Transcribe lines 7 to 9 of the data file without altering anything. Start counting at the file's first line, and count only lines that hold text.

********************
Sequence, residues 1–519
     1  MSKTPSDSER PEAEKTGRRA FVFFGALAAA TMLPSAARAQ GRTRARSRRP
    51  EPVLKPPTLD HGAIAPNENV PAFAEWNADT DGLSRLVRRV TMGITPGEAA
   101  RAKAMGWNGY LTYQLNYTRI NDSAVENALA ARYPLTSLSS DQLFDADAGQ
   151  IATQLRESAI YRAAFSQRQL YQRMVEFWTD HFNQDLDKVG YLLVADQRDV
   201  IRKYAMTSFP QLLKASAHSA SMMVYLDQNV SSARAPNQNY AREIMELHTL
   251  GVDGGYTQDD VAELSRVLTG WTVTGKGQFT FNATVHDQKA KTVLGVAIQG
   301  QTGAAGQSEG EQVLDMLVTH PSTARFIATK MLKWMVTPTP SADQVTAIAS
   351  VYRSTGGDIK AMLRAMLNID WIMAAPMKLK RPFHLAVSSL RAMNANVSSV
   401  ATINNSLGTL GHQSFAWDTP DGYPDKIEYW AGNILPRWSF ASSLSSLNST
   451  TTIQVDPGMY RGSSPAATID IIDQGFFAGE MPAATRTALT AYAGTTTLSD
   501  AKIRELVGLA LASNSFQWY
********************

   251  GVDGGYTQDD VAELSRVLTG WTVTGKGQFT FNATVHDQKA KTVLGVAIQG
   301  QTGAAGQSEG EQVLDMLVTH PSTARFIATK MLKWMVTPTP SADQVTAIAS
   351  VYRSTGGDIK AMLRAMLNID WIMAAPMKLK RPFHLAVSSL RAMNANVSSV